I am trying to prove that for every $1<p_1 <p_2<\infty$ we have $\|{f}\|_{p_1} < \|{f}\|_{p_2}$ where

$$\|f\|_p = \left(\int_0^1 |f(x)|^pdx\right)^{\frac{1}{p}}$$

I have the intuition that I should use Hölder inequality which states that for all $p,q>0$ with $\frac{1}{p}+\frac{1}{q}=1$ we have

$$\left|\int_0^1f(x)g(x)\right|\leq \left(\int_0^1 |f(x)|^pdx\right)^{\frac{1}{p}}\left(\int_0^1 |g(x)|^qdx\right)^{\frac{1}{q}}$$

This would mean I need to chose a clever $p$ and $q$ which are in fonction of $p_1$ and $p_2$. I've tried some of them, but I can't seem to find some that work.


You can use the Hölder inequality for $\frac{p_2}{p_1}$ and $\frac{p_2}{p_2-p_1}$:

\begin{align}\|f\|_{p_1}^{p_1} &= \int_{[0,1]}|f|^{p_1} \\ &= \int_{[0,1]}|f|^{p_1} \cdot 1 \\ &\stackrel{\text{Hölder}}{\leq} \left(\int_{[0,1]}\big(|f|^{p_1}\big)^\frac{p_2}{p_1}\right)^\frac{p_1}{p_2}\underbrace{\left(\int_{[0,1]} 1^\frac{p_2}{p_2-p_1}\right)^{1 -\frac{p_1}{p_2}}}_{=1} \\ &= \left(\int_{[0,1]}|f|^{p_2}\right)^\frac{p_1}{p_2} \\ &= \|f\|_{p_2}^{p_1} \end{align}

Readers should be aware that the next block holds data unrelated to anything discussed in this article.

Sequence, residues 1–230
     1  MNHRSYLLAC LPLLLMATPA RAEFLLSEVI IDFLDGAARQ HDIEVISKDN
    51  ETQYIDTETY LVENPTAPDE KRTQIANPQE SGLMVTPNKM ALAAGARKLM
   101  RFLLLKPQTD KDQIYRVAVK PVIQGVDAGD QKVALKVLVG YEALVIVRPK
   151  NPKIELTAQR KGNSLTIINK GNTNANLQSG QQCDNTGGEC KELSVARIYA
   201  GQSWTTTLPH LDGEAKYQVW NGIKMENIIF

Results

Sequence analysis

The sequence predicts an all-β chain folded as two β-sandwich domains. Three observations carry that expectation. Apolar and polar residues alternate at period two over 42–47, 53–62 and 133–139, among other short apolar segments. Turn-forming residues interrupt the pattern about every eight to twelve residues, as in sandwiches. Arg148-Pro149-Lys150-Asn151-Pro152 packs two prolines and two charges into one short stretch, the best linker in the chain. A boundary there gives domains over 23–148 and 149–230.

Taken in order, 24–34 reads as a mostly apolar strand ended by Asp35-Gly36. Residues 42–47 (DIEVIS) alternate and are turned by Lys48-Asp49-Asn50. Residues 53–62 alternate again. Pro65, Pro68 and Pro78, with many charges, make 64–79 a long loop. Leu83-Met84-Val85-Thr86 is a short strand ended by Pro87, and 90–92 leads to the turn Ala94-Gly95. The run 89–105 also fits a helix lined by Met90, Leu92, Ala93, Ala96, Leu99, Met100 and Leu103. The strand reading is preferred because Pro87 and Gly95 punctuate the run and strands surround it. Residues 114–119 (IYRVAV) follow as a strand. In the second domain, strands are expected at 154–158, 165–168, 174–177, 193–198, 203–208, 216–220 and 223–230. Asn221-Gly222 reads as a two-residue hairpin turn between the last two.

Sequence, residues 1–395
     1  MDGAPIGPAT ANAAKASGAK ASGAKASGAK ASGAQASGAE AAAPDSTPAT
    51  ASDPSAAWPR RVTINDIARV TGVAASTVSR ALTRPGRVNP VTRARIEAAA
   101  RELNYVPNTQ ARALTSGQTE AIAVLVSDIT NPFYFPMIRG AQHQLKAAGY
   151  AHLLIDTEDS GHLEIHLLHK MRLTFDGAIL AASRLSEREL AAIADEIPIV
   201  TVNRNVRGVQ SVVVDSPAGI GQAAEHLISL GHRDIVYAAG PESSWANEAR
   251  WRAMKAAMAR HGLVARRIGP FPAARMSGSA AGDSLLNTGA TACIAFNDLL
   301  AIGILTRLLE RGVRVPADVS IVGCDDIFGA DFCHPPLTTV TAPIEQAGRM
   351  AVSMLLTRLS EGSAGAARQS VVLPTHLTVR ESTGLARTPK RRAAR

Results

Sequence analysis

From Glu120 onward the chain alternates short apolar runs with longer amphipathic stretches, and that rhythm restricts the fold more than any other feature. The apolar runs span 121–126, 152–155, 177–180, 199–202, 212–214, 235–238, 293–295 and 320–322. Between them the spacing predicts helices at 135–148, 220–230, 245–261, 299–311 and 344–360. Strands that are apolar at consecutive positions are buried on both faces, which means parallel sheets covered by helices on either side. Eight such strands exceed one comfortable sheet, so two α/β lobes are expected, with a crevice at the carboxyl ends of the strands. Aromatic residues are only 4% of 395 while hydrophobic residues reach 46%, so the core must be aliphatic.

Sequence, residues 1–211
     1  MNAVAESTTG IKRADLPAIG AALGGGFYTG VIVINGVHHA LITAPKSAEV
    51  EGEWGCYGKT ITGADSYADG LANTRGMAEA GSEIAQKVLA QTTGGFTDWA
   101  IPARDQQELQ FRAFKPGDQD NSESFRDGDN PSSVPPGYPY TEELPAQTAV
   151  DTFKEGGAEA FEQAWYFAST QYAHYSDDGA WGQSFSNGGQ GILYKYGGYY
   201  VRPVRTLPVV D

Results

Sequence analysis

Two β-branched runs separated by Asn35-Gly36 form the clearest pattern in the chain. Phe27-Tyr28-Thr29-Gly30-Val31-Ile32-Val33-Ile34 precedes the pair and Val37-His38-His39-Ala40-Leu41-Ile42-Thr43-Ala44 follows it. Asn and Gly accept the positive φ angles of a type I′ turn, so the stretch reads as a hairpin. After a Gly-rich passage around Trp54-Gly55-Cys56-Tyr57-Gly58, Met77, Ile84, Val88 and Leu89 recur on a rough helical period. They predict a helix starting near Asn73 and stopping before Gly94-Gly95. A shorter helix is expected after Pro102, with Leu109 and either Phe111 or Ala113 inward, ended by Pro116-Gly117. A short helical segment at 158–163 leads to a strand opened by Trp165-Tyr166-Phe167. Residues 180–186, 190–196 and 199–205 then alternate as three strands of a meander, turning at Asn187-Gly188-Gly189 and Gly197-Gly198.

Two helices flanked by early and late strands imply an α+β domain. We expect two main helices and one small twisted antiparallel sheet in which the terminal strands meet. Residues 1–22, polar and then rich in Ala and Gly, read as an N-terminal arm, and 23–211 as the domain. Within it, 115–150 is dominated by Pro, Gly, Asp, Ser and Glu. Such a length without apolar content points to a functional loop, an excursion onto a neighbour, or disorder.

Taking the $p_1$-th root gives $\|f\|_{p_1} \le \|f\|_{p_2}$.

  • $\begingroup$ Wow, yes that totally works. When I think about it now, I totally see how I could've guessed it, with $p_1$ being smaller than $p_2$ and the fact that $p$ had to be greater than 1, but I had no idea before. Thank you! $\endgroup$ – tremblay Sep 16 '17 at 18:24

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